Highland Games. Our Chief and his Lady were the honoured guests for this event. This is the first Clan Chief ever given this recognition for this gathering. As always they did CMA real proud and once again demonstrated that we have the best of all Clan leadership.

      Sir William (Bill) even got the crowd to join in with the CMA war cry -- CREAG DHUBH. Bill and Sheila, supported by a large contingency of CMA membership, also marched in the long street parade that started with a 50 degree F temperature drop and mixed showers throughout. It doesn't even get that mean in the Highlands, or does it? We can't be a real authority with only two visits. Alma was followed again this past season by approximately 50 other Highland Games attended by various CMA representatives throughout our country, from East coast to West coast and even out to Hawaii. This is where our CMA representatives and Clan tent activities are able to continue to increase our membership growth, now at approximately 1400 for all of the US.

      In July/August we had the pleasure of returning to Scotland to attend the 46th Rally of CMA for our second visit. Somehow going back is even more enjoyable than going for the first time. I guess it is more of the bonding feeling you get when mixing with our cousins in the homeland. The weather, marching down to the games was a lot like Alma in the US this past Spring. This helps us all to be ruddy Scots, eh? The best news from the AGM, of course, was the fact that through the organisational efforts of Rod Clarke and the response of our membership we were able to come up with the initial funds necessary to pay off the CMA Museum mortgage. The US Branch has a goal to continue this effort for a total of $50,000 by year end to establish a trust fund for perpetual care of our CMA Museum in the future.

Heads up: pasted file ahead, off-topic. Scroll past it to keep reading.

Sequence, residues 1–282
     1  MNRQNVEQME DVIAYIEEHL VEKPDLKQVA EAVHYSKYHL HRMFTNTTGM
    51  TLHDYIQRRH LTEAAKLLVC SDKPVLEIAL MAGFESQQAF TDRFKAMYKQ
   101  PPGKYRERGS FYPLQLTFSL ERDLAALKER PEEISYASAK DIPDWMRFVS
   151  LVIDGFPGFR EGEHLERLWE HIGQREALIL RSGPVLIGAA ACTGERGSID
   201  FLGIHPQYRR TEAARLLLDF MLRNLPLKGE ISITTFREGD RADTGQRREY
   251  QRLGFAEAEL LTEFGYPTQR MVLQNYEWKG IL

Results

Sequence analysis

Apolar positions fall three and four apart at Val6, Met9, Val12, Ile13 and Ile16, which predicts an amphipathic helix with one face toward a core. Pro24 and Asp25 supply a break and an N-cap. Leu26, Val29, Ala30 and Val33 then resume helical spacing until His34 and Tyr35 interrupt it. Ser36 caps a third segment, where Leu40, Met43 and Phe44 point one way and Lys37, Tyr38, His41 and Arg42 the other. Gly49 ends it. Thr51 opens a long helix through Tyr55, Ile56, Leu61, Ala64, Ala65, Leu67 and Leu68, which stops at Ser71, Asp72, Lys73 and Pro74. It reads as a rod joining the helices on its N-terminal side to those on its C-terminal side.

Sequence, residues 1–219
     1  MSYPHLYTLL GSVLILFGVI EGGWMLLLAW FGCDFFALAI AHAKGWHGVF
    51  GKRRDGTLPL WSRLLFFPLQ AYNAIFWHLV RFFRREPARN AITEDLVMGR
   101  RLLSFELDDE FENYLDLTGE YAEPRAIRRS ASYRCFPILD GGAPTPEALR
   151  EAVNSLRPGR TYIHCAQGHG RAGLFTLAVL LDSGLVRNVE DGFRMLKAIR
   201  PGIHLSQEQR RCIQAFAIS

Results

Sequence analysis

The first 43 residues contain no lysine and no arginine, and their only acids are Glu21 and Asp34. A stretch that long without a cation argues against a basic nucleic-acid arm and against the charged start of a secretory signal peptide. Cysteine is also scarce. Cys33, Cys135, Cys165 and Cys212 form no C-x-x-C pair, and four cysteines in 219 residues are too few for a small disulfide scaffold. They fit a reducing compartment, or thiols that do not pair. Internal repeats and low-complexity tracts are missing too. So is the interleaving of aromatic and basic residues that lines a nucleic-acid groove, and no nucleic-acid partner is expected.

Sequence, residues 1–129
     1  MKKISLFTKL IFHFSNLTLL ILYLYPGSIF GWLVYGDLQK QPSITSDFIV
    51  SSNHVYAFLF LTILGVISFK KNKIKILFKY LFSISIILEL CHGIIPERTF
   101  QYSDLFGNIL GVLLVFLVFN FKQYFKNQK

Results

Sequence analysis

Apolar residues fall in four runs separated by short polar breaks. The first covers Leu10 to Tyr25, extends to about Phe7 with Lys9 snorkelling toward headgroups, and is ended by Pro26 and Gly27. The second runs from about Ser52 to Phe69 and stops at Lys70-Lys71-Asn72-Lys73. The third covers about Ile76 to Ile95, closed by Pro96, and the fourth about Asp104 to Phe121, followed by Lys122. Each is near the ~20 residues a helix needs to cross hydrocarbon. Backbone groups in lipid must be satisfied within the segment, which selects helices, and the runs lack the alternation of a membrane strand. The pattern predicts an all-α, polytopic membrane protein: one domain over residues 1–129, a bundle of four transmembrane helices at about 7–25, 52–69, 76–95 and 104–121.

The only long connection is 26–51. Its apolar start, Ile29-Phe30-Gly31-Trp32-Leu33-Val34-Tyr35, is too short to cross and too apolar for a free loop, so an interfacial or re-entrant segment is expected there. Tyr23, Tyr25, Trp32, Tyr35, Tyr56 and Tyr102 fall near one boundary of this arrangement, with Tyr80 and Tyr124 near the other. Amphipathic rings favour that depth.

We have recently returned from our 19th CMA-US AGM in San Francisco, California. This was attended by approximately 100 members, including our Chief and Lady Sheila. This gave us the opportunity to meet and visit with them for the third time this year. Aren't they great?

      Bob and Sue MacPherson of Castro Valley, California and their various supporting committees got a great "well done" from Cluny as well as all in attendance. San Francisco is surely a beautiful city, even more so with CMA representatives to dress it up.

      Another CMA-US event most worthy of mentioning was the recent October 10 wedding of our CMA-US URLAR Editor Dave Howard to another of our CMA members, Laura Bierens. This was done in full Scottish style in an outdoor setting. The Pastor's comment was something like "it wouldn't dare to rain with all these Scots around." We did get a few drops, but no problem. We wish them a full life of happiness together!

      Looking forward to 1993, CMA-US will be holding our annual gathering in McPherson, Kansas (right smack in the middle of the US) on September 24, 25 and 26. We invite any fellow CMA members throughout the world to come join with us. We are promising an outstanding programme. Contact any of us in the US if you would like to meet with your US cousins.

      We wish you all a happy, healthy and prosperous 1993.

Yours Aye.

Larry L. McPherson


129 Friars Croft, Kirkintilloch,
Glasgow G66 2AX
October 16th 1992.

Dear Archy: